St. Irenaeus’s Testimony to the Apostles

St. Irenaeus

St. Irenaeus (ca. A.D. 125–ca. 200).

Today is the feast day of St. Irenaeus (ca. A.D. 125–ca. 200), one of the earliest witnesses we have to the authority of the Church and to the doctrine of apostolic succession. I’m still trying to dig my way out from under this thesis, but I thought I would bring you a few quotes I’ve discovered recently that I found powerful.

Atheists and other critics of Christianity argue that there is little historical evidence of Jesus or even of the Apostles. The Gospels are, of course, valid historical sources in their own right; but in Irenaeus we have someone who was only one generation departed from the Apostles, who was the disciple of St. Polycarp, who himself was the disciple of the Apostle St. John the Evangelist. Irenaeus testifies clearly to his memories of Polycarp, who knew not only St. John, but also many others who had known Jesus Christ in the flesh. Irenaeus brings us almost tangibly to the feet of the Apostles and within earshot of Jesus Himself.

First, Irenaeus testifies explicitly to Polycarp’s memories of John and others who had known Jesus (Irenaeus, Letter [II] to Florinus):

For I have a more vivid recollection of what occurred at that time than of recent events … so that I can even describe the place where the Blessed Polycarp used to sit and discourse — his going out, too, and his coming in— his general mode of life and personal appearance, together with the discourses which he delivered to the people; also how he would speak of his familiar intercourse with John, and with the rest of those who had seen the Lord; and how he would call their words to remembrance. Whatsoever things he had heard from them respecting the Lord, both with regard to His miracles and His teaching, Polycarp having thus received from the eye-witnesses of the Word of life, would recount them all in harmony with the Scriptures. These things, through God’s mercy which was upon me, I then listened to attentively, and treasured them up not on paper, but in my heart; and I am continually, by God’s grace, revolving these things accurately in my mind.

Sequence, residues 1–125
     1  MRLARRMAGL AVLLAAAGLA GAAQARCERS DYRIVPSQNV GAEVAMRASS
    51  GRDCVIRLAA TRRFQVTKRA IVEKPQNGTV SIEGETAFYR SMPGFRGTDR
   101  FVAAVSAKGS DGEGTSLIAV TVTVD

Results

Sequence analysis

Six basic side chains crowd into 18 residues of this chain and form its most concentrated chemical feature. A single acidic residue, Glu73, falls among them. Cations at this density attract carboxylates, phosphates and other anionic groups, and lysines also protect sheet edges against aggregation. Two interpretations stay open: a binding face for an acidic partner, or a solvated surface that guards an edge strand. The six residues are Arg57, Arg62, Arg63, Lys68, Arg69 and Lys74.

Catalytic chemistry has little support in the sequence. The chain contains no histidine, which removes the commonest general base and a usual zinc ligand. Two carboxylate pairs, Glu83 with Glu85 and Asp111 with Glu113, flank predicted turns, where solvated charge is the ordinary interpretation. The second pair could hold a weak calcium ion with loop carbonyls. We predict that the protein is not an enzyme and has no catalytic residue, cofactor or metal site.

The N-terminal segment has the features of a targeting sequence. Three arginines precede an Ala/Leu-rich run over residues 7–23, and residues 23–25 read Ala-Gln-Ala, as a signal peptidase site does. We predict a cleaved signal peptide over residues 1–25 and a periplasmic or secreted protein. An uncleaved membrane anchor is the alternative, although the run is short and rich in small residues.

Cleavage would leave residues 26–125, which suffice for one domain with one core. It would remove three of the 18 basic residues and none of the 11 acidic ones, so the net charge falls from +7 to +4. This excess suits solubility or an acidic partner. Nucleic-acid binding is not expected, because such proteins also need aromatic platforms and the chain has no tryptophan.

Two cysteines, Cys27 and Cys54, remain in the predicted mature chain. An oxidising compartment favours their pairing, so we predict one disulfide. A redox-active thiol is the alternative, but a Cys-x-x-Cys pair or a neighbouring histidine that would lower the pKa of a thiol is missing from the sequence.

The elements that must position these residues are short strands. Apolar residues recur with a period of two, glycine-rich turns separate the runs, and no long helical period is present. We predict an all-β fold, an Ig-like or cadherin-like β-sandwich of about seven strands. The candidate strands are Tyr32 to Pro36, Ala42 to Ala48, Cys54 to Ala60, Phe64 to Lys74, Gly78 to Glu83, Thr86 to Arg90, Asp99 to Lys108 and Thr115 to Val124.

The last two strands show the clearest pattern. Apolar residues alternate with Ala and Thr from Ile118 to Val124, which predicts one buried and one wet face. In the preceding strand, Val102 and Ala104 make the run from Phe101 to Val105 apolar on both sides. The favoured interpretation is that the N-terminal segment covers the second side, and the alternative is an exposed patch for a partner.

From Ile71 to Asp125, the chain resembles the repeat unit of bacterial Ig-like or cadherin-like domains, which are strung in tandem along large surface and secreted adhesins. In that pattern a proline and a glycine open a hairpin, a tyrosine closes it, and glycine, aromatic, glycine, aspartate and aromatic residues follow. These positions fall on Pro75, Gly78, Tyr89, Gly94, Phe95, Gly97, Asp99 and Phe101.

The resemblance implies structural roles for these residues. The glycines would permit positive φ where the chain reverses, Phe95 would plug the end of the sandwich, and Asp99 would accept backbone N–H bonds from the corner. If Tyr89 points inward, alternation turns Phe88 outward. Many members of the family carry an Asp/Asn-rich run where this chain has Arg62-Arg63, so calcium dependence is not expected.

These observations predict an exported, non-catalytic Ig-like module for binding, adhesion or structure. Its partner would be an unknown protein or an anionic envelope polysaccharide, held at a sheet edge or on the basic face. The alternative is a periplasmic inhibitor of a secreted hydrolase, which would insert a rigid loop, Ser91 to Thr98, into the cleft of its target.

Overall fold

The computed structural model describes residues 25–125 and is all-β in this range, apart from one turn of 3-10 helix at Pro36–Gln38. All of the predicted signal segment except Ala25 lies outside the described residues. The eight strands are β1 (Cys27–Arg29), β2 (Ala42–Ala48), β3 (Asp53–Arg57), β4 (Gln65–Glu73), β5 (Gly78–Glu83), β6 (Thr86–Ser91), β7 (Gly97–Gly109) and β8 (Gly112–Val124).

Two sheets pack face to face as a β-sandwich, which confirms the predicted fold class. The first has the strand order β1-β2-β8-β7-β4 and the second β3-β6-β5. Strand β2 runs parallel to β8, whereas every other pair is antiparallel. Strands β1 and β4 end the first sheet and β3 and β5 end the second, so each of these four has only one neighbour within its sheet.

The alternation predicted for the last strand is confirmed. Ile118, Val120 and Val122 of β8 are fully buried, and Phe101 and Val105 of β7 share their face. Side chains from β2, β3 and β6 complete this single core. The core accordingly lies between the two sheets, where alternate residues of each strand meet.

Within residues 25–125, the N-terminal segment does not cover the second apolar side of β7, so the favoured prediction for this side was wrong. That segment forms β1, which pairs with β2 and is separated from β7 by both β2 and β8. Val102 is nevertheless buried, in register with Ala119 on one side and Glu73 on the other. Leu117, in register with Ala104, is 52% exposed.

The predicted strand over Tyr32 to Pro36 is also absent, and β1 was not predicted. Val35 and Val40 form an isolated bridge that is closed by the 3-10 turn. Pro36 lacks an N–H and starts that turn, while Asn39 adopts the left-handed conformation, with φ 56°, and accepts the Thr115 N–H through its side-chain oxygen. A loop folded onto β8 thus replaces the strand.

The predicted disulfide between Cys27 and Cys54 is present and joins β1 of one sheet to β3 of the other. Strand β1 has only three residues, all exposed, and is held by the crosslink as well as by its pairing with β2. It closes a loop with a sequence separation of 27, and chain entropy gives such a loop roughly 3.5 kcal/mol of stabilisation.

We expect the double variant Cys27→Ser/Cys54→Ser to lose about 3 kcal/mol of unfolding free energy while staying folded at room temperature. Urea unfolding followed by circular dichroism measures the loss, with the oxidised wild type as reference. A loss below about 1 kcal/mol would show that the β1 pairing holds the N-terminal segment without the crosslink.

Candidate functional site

Here Irenaeus testifies to Polycarp’s appointment as bishop of Smyrna by the Apostles themselves, to his place in the apostolic succession, and to the crucial role apostolic succession played in rejecting the claims of heretics (Against Heresies III.3.4):

But Polycarp also was not only instructed by apostles, and conversed with many who had seen Christ, but was also, by apostles in Asia, appointed bishop of the Church in Smyrna, whom I also saw in my early youth, for he tarried [on earth] a very long time, and, when a very old man, gloriously and most nobly suffering martyrdom, departed this life, having always taught the things which he had learned from the apostles, and which the Church has handed down, and which alone are true. To these things all the Asiatic Churches testify, as do also those men who have succeeded Polycarp down to the present time,— a man who was of much greater weight, and a more steadfast witness of truth, than Valentinus, and Marcion, and the rest of the heretics. He it was who, coming to Rome in the time of Anicetus caused many to turn away from the aforesaid heretics to the Church of God, proclaiming that he had received this one and sole truth from the apostles — that, namely, which is handed down by the Church.

Thanks to Bryan Cross and Called to Communion for these quotations, and for a splendid exposition of justification in the thought of St. Irenaeus.